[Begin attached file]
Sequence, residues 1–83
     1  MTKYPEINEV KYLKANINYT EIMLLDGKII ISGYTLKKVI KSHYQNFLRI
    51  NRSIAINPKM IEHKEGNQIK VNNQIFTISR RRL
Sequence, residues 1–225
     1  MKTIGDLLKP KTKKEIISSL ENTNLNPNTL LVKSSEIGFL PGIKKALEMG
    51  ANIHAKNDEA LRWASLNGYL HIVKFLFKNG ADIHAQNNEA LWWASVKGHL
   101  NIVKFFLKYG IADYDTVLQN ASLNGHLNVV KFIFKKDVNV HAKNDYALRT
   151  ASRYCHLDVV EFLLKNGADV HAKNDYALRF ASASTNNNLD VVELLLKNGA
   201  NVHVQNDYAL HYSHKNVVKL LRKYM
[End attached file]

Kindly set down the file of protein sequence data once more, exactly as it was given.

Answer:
Sequence, residues 1–83
     1  MTKYPEINEV KYLKANINYT EIMLLDGKII ISGYTLKKVI KSHYQNFLRI
    51  NRSIAINPKM IEHKEGNQIK VNNQIFTISR RRL
Sequence, residues 1–225
     1  MKTIGDLLKP KTKKEIISSL ENTNLNPNTL LVKSSEIGFL PGIKKALEMG
    51  ANIHAKNDEA LRWASLNGYL HIVKFLFKNG ADIHAQNNEA LWWASVKGHL
   101  NIVKFFLKYG IADYDTVLQN ASLNGHLNVV KFIFKKDVNV HAKNDYALRT
   151  ASRYCHLDVV EFLLKNGADV HAKNDYALRF ASASTNNNLD VVELLLKNGA
   201  NVHVQNDYAL HYSHKNVVKL LRKYM